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Cleanup of toxic site near RDU planned

Posted September 23

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— A settlement reached Thursday clears the way for a $5.5 million cleanup of cancer-causing PCBs from Brier Creek, Crabtee Creek, Lake Crabtree and nearby tributaries, the U.S. Environmental Protection Agency said.

"This legal agreement ensures that the remaining PCB contamination surrounding the Ward Transformer site in Raleigh will be cleaned up by potentially responsible parties," Anne Heard, the EPA's acting regional administrator for the Southeast, said in a statement. "EPA welcomes the path forward toward restoring the water bodies surrounding the site so that future generations may enjoy them."

Ward Transformer opened a plant on 11 acres off Mount Herman Church Road, near Raleigh-Durham International Airport, in 1964. During the repair or reconditioning of electrical transformers, fluids contaminated with PCBs, or polychlorinated biphenyls, which were used for insulation and cooling, were frequently spilled, causing widespread soil contamination that spread into nearby waterways, officials said.

The site has been the subject of cleanup efforts for more than three decades, and it was added to the national Superfund list in 2003.

The settlement with 173 companies and individuals calls for excavating PCB-contaminated soil and sediment and monitoring sediment and aquatic life to ensure cleanup goals are being met, officials said. The removal process will minimize the potential for human exposure to contamination, they said.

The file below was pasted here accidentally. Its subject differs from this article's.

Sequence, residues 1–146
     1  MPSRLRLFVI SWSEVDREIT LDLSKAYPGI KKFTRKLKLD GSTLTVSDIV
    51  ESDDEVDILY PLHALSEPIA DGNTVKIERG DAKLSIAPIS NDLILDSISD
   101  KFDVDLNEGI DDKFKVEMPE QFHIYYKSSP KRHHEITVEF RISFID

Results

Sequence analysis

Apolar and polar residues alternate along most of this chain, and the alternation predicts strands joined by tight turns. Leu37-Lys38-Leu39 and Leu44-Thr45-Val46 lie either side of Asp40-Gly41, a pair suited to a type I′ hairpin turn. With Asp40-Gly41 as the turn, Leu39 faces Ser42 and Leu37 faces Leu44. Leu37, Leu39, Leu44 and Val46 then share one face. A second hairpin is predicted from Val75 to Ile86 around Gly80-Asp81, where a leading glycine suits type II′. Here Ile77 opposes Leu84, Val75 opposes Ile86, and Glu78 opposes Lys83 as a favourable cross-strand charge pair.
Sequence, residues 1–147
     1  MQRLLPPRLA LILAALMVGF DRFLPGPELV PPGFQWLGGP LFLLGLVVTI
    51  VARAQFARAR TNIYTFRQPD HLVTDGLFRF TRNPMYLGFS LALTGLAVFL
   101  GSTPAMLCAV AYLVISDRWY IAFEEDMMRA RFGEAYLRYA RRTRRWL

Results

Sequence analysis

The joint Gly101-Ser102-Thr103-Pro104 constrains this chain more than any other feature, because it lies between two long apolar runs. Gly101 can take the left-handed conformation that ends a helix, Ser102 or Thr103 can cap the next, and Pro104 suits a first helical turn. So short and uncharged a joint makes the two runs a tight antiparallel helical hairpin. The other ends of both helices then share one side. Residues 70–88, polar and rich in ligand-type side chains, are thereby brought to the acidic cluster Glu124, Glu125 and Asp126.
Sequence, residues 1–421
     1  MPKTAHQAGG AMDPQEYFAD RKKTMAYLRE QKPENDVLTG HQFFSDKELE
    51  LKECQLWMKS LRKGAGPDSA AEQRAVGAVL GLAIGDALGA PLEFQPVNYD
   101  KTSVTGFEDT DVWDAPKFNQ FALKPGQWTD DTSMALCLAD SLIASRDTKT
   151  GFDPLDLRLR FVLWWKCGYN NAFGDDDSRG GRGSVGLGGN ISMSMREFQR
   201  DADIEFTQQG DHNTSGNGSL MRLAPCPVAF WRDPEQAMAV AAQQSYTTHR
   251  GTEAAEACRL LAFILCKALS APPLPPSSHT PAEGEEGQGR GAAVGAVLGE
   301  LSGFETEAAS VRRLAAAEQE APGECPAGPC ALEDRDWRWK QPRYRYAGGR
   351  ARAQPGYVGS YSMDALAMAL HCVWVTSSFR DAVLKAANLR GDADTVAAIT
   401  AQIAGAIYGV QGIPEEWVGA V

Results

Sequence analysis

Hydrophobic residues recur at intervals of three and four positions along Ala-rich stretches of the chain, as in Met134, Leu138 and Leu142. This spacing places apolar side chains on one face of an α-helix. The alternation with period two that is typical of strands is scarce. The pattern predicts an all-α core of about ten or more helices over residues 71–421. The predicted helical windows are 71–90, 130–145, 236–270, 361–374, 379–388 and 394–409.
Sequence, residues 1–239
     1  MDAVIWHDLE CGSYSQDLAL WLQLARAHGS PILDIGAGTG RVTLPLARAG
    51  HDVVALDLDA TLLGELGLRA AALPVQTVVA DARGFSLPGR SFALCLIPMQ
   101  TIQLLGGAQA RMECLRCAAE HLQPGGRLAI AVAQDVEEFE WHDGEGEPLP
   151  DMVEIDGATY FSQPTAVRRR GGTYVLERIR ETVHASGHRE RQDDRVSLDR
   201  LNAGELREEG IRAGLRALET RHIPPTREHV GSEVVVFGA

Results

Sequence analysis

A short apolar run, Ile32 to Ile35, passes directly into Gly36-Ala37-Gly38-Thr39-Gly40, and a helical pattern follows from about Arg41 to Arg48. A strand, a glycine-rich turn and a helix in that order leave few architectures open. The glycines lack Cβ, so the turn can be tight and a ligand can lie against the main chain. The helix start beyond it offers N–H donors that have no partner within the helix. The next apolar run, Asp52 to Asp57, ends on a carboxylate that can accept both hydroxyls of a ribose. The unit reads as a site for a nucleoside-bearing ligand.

The EPA previously struck a deal with parties responsible for the pollution to clean up the most heavily contaminated soil and debris at the site. About 488 tons of it was dug up, treated and moved to a hazardous waste landfill between 2005 and last year.

A fund set up during previous settlements over contamination at the Ward Transformer site will pay $405,000 toward the latest cleanup effort. Carr & Duff Inc., one of the parties in the latest settlement, also will also pay $40,000 in civil penalties for its failure to comply with a 2011 court order for cleanup work.

Even that won't be enough to finish cleaning up the site, however. The EPA said yet another study is underway on the long-term feasibility of cleanup and remediation, and that study is expected to be released this winter.

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  • Rod Runner Sep 24, 11:45 a.m.
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    What does that have to do with this article?

  • Ken Ackerman Sep 24, 6:59 a.m.
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    You make an excellent point. If the material is in the stream sediments they will have to use great care to remove it without allowing further contamination. That said, given that PCBs aren't easily broken down, aren't water soluble, are readily absorbed through the skin and are lipophilic (they get in your body and stay there) I think it's probably a greater risk to leave them in place.

  • Jim Frei Sep 23, 7:37 p.m.
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    With all the construction in the Brier Creek and Lake Crabtree watershed in the past 10 years, most of the PCB-soils on the stream bottoms are probably buried under sediment. Maybe the better solution is to leave it in place.

  • Justin Briller Sep 23, 6:41 p.m.
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    And Bernie is voting for Hillary. Didn't he have unpleasant things to say about her. The liberal media these days is so obviously slanted waaaayyyy to the left. GGEEEEZZZZ